SN 1006

Astronomy
SN 1006

SN 1006 (Source: http://goo.gl/iqgpqd)

SN 1006

The new SN 1006 image represents the most spatially detailed map yet of the material ejected during a type Ia supernova. By examining the different elements in the debris field — such as silicon, oxygen, and magnesium — the researchers may be able to piece together how the star looked before it exploded and the order that the layers of the star were ejected, and constrain theoretical models for the explosion. Scientists also are able to study just how fast specific knots of material are moving away from the original explosion. The fastest knots are moving outward at almost 11 million mph (18 million k/h), while those in other areas are moving at a more leisurely 7 million mph (11 million k/ h). SN 1006 is located about 7,000 light-years from Earth. The new Chandra image of SN 1006 contains over eight days worth of observing time by the telescope. Image by Chandra X-ray Center, Cambridge, Massachusetts, Marshall Space Flight Center, Huntsville, Alabama.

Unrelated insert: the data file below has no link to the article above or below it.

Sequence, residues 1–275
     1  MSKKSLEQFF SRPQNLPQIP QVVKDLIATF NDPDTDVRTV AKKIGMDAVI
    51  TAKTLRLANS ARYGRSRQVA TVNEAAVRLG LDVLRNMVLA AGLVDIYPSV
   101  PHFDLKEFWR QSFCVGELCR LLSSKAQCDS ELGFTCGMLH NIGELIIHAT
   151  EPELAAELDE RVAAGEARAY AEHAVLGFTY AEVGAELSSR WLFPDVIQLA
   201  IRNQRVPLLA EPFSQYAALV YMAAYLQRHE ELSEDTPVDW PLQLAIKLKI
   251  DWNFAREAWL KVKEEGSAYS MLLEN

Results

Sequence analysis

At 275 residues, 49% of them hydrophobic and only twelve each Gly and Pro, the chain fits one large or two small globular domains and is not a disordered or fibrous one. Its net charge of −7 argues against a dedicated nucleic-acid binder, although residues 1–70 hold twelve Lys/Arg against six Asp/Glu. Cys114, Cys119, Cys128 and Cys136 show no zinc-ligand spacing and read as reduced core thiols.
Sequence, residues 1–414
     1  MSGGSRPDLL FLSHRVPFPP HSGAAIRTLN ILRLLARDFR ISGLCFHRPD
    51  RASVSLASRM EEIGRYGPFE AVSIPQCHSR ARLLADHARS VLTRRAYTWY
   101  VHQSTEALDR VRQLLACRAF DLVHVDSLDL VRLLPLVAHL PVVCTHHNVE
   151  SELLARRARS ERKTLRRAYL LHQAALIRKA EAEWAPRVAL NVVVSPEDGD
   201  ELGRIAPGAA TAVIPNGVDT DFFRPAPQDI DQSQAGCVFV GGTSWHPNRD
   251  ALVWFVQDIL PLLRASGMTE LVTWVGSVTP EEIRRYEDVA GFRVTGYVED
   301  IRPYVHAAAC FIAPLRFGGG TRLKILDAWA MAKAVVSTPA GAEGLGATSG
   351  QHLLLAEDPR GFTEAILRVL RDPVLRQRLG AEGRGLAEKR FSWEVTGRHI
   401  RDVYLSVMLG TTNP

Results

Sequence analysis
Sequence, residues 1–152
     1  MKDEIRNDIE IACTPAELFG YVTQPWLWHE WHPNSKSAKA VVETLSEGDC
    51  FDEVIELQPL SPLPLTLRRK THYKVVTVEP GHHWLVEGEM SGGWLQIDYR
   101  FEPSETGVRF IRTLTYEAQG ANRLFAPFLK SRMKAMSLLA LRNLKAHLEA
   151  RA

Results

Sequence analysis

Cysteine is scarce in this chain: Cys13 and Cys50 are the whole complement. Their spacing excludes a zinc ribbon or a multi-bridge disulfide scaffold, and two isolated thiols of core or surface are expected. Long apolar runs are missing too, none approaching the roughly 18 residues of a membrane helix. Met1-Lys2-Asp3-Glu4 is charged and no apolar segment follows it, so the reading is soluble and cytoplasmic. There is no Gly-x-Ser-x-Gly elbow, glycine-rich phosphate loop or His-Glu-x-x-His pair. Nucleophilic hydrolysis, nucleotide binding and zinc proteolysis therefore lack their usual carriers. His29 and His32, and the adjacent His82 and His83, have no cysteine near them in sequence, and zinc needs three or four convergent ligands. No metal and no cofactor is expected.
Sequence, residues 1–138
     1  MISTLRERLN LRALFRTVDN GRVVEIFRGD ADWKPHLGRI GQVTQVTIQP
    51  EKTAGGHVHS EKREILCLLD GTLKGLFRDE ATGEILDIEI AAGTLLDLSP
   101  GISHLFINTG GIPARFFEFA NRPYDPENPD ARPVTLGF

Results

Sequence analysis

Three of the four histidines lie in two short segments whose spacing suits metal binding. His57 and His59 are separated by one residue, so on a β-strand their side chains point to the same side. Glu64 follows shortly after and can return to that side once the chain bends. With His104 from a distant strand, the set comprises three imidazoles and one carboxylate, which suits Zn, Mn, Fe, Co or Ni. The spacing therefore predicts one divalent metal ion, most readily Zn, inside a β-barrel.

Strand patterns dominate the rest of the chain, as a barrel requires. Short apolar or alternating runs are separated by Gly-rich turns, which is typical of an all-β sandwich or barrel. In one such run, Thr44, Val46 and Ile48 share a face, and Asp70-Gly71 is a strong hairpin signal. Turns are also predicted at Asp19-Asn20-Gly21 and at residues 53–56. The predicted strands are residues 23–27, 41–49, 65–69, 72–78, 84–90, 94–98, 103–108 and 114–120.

Source: http://chandra.harvard.edu/photo/2013/sn1006/

Andrew J. Blanche


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